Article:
Stranded In Stereo: My Formative Years: Orange by The Jon Spencer Blues Explosion, 1994

Wednesday, July 23, 2008

My Formative Years: Orange by The Jon Spencer Blues Explosion, 1994

1-2 the drums and guitars go in unison. 3-4 the subtle strings slowly rise, hiding no more. The band wails as the lights flicker and strobe across the stage, tied up in combat with the string section. And just when it reaches its climax, a shift. The tempo dramatically changes after the exclamation of "The Blues Explosion!" The canned crowd roars. Spencer goes on to discuss the opening track's topic, "Bellbottoms," before the third act approaches. A dynamic rave-up that finds Spencer in his trademark delivery that I've always compared to a mixture of James Brown and Elvis Presley with the swagger of Mick Jagger for good merit.

And that was just the first song.

In the folklore that is My Formative Years the novelization, Orange would've almost ended our story four years after its release in 1998. When the album originally came out in 1994, it was mainstream folk like Weezer and Pearl Jam seeping in to my psyche, forever making that impression that helps me continue to be a fan to this day (the latter, by and large, the former - not so much from my recent scribes on that new album they have.) At some point between the album's release in pristine shiny digipak, line drawing of a Theremin and the words Blues Explosion draped in the title's color palette and the day I would own it, that cartoon introduced me to them. Beavis & Butt-Head weren't just for a good laugh, but sometimes for some interesting music. The one band I took away from the dozen or so episodes I cared to watch in my youth was that of the Blues Explosion, JSBX for short. The video for "Dang," in all its glory clocking in at 1:48, made this all possible, this obsession fully realized. Poorly shot, cheaply edited by way of the UFO on a string, something just entranced me. I never heard it before - dissonance in popular music. Chug-a-lug, chug-a-lug went the drums, the guitar responded to Spencer's muffled announcements. The harmonica in the chorus squealed, leaving way for that Theremin from the album's cover.

That song was the least of my interest. The second half has the trifecta, the 1-2-3 punch that rivals anything in their catalog. "Dissect" makes its grand entrance with Russell Simins' pounding of the skins. "Blues X Man" was the song that made me realize that, yes, they name check themselves quite a bit, in a 1960s revivalist kind of way, and I love every bit of the shtick. "Don't ya / want a / Man like the / Blues Explosion!" The production so raw, how the vocals are all up in the mix and muffled and buried in the right channel. This was my introduction the world of lo-fi, yet the band tried to escape it leaps and bounds by being something hi-fi in said lo-fi world.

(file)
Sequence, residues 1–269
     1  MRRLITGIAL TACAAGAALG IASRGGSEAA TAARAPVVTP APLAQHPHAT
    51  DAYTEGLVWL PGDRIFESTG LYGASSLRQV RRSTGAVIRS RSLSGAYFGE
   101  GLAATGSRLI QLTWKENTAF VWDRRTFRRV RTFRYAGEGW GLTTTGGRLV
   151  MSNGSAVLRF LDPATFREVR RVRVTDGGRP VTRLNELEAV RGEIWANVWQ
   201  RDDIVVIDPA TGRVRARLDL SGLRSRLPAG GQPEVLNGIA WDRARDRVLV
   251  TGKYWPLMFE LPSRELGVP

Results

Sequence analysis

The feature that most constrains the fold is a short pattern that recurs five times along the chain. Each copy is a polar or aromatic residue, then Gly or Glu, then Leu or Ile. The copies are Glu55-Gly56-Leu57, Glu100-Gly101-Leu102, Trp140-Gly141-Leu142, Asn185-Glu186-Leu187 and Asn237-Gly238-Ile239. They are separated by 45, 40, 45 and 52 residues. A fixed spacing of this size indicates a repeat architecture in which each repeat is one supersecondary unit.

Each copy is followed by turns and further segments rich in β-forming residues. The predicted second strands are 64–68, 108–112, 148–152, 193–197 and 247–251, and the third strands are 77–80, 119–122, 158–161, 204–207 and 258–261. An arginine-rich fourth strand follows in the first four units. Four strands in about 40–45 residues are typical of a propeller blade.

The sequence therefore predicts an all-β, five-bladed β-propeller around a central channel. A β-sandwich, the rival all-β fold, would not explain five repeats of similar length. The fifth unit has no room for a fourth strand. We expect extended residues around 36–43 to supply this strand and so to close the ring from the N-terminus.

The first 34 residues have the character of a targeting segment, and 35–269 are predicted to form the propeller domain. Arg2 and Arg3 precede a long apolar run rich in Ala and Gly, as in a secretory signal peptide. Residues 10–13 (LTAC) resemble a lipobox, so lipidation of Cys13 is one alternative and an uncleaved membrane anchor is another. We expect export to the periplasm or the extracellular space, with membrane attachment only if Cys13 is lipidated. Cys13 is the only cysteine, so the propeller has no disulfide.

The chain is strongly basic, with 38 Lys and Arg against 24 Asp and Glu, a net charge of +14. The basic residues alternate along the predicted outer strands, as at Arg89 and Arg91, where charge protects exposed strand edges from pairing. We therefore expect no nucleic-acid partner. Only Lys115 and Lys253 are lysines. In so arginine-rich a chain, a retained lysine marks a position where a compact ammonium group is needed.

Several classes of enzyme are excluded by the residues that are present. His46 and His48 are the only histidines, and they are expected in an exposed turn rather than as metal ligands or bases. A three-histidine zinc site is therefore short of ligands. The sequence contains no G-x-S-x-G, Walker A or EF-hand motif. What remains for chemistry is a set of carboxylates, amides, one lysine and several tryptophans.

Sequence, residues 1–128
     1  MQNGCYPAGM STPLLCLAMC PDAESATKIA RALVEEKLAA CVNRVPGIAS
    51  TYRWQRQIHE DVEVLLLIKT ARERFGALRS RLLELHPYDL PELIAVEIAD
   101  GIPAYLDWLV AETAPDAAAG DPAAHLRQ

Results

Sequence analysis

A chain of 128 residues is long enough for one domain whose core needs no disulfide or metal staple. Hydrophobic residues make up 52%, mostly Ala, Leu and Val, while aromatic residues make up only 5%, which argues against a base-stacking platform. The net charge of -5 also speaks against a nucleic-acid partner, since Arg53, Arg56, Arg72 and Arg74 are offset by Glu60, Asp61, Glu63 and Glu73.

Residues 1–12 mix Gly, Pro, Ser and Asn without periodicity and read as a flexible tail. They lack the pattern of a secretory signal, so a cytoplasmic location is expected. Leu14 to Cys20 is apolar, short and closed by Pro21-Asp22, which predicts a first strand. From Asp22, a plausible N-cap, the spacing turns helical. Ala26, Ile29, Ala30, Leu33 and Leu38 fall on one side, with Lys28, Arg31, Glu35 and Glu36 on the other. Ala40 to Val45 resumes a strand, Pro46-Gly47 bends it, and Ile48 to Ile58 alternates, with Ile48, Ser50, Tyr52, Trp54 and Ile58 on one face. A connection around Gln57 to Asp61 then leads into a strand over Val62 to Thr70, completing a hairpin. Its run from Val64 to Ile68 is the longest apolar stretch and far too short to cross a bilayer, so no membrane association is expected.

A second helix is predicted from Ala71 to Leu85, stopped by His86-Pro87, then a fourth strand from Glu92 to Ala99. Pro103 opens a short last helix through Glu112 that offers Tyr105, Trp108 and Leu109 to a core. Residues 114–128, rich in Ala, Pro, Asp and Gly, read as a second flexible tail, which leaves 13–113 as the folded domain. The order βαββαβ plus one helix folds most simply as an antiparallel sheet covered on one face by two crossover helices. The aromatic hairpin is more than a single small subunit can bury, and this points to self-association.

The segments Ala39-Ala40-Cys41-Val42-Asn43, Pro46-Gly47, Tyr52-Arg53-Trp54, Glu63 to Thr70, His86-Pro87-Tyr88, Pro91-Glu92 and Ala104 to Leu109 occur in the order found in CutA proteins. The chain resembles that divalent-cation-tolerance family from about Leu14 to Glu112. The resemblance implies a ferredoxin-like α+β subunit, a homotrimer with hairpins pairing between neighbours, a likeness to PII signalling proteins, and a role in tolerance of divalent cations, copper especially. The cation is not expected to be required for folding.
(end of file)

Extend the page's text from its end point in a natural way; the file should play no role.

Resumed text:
But it was the finale of the above trifecta, "Full Grown," that has got to be one of the best JSBX songs. Maybe an all-time favorite song of mine. I mean, what's more humorous than a song starting right off with a bass drum and the declaration, "Baby, baby, you so like to fuck!" by Spencer before Simins and guitarist Mr. Judah Bauer repeat the expletive! And finally, when you think the sonic assault is going to thrall you like the vocals, nothing. The loud 4/4 drums continue, introducing handclaps and a nice rockabilly guitar lick. Deep moog note sneaking in here and there.

After that you needed no more, it should've ended right there, with the instruments dropping out, save for the off-key moog, and the expletive again. Instead, we get a shout out to Matador head honcho and a phoned in Beck cameo ("Flavor"), and the instrumental outro that is the bastard child of "Low Rider" ("Greyhound").

So, with this all being said, sweat pulsing down my forehead from just thoughts of this record being put on, you should only have the same urge to yell "Blues Explosion!" that I do at the moment. They continued this trend through a few more albums, where they somewhat succeeded (Now I Got Worry) and not so much (the experimental Acme, the swan song Damage). Nothing since 1994 has seemed to touch what they unleashed upon that world that year, and I doubt nothing ever will.

Buy Orange [here]

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